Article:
Global Voyageur

Be a virtual voyager - join the tartan navy to follow the Mackays on their return to Scotland

21 June 2012 | Clyde Marina, Ardrossan
20 June 2012 | North Channel, Irish Sea
17 June 2012 | Bay of Biscay
15 June 2012 | Coruna Marina, La Coruna
14 June 2012 | Marina Coruna, La Coruna
13 June 2012 | North Atlantic Ocean
12 June 2012 | North Atlantic Ocean
09 June 2012 | North Atlantic Ocean
07 June 2012 | Ponta Delgaga
06 June 2012 | Ponta Delgada
04 June 2012 | Angra
02 June 2012 | Horta, Faial
01 June 2012 | Horta , Faial
28 May 2012 | North Atlantic Ocean
25 May 2012 | North Atlantic Ocean
24 May 2012 | North Atlantic Ocean
23 May 2012 | North Atlantic Ocean
22 May 2012 | North Atlantic Ocean
21 May 2012 | North Atlantic Ocean
20 May 2012 | North Atlantic Ocean

A morning off from motoring

08 May 2012 | Leg 1 - BVI's to Bermuda
Susan Mackay
All the signs were there or so I thought. We had just completed our second night of motoring, having motored throughout two long days as well. But as I looked out at dawn I could see a change in the clouds. They were more solid, denser, darker, more widespread. Could this be at last what we have been waiting for, wind. We still had only four to five knots, but I could sense the signs of a change on the way. The direction had changed too, a shift round to the west, the barometer up a couple of notches. Just after breakfast we shut down the engine. We had had more than enough motoring and were willing to try anything. It was time to play with the sails. We dragged the mizzen stay sail from the dark recesses of the cockpit locker. Up it went. Now we were flying four sails. But did it make any difference? We tweaked here and there but still we could not get more than five knots of boat speed. It was pathetic, as if we or Voyageur had forgotten how to sail, perhaps a combination of the two. The winds just refused to cooperate, too light, too variable. Completely frustrated at having put in the work with so little reward we doused it after two hours. Next we tried poling out the genoa. The result was the same. There is only so much you can do in 6 to 8 knots of wind. Oh, we cursed. Three hours wasted pfaffing about. We sat down to lunch at the cockpit table, avocado salad and fresh oranges washed down with ice cold beer, enjoying the day, the infinite peace and quiet and ghosted along at between three and four knots. The clouds that held such promise at dawn nowhere to be seen. We certainly cannot complain about the weather for it has been quite wonderful. Now at the halfway point all we have to do is the same again for three days and we should be there by Friday. We should just have enough fuel if the wind still does not make an appearance. None of the weather forecasts have tied in with out our Grib file downloads. Not that that makes any difference. We are not really interested in the racing aspect or tactics, we just want to get from A to B as quickly and as comfortably and safely as possible. A glimmer of hope came from the skippers of Asteroid and A Lady on the evening SSB net. Both now up at 27 degrees north they are sailing in fifteen to twenty knot winds. Let’s get there we cried and increased the engine revs. The fruit and veggies are still in plentiful supply with the exception of bananas going soft, so as nothing is ever wasted aboard this boat they were baked in honey rum to follow a chicken stir fry at suppertime. I have now become quite accustomed to around six hours sleep a night, I am even positively chirpy. But when I get to Bermuda I am going to sleep, sleep, sleep with perhaps a little bit of partying in between.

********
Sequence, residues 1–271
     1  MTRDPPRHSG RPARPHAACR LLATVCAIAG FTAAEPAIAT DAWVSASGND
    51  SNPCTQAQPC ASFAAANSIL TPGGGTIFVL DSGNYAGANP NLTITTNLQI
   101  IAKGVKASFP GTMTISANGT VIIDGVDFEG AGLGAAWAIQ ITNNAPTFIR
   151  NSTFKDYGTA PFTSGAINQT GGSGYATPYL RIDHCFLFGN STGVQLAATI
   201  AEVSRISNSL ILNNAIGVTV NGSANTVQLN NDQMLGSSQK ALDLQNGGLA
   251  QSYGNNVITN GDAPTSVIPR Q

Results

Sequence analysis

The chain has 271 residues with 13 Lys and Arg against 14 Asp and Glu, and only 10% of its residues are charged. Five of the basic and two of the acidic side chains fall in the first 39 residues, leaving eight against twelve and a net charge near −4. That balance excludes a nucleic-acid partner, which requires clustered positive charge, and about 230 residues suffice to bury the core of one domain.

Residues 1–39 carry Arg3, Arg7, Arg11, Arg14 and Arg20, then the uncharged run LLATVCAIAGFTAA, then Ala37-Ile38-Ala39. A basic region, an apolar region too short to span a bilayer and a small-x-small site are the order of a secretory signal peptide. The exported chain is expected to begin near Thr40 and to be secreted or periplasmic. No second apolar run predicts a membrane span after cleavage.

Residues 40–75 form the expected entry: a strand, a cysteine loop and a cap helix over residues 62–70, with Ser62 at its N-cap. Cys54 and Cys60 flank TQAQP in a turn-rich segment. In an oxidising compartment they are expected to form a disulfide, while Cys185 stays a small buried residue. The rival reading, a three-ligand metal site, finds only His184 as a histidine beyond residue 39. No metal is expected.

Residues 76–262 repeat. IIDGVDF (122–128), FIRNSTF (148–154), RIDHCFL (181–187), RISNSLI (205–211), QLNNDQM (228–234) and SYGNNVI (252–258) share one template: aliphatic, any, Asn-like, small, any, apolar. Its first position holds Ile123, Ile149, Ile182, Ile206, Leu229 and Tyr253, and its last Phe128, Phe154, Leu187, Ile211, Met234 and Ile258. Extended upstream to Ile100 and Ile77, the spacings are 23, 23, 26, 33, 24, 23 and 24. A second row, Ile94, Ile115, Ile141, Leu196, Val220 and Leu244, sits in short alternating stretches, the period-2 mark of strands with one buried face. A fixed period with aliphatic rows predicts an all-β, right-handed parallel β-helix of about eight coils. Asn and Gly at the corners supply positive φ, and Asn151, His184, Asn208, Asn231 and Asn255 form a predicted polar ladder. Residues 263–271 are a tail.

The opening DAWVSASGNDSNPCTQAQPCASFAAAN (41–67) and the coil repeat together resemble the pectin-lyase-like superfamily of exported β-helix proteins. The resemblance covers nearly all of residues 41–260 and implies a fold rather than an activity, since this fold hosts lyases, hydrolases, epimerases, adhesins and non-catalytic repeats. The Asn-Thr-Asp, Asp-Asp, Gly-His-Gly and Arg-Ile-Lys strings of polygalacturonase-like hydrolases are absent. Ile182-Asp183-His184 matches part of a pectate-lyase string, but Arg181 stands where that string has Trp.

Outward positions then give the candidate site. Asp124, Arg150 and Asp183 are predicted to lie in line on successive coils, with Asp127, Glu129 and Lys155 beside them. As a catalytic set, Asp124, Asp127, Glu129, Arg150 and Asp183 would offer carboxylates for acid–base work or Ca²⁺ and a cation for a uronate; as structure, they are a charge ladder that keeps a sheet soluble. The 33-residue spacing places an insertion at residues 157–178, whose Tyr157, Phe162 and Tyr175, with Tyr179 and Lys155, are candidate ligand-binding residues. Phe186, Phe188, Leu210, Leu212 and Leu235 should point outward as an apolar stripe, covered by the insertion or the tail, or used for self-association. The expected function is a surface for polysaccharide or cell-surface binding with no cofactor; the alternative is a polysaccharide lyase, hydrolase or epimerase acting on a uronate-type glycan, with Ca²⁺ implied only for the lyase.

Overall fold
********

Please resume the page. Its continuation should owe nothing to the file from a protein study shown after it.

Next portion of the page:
There are still ten yachts not reporting their daily positions. I sure hope that they are listening in at 8.55am and 5.30pm local time for any emergency rally traffic because if we are the ones unfortunate enough to have a problem and they are the nearest yacht to us should we require assistance.....
Vessel Name: VOYAGEUR
Vessel Make/Model: Amel Super Maramu 2000
Hailing Port: Rhu, Scotland
Crew: Susan and David Mackay
David first learned to sail on a Loch Fyne day boat out of Helensburgh Sailing Club on the River Clyde in his mid twenties. With the arrival of a family he did not do any more, until in 1984 we bought our first boat, “The Golden Soak”, a Matilda 20. [...]

Our motto:Carpe Diem

Who: Susan and David Mackay
Port: Rhu, Scotland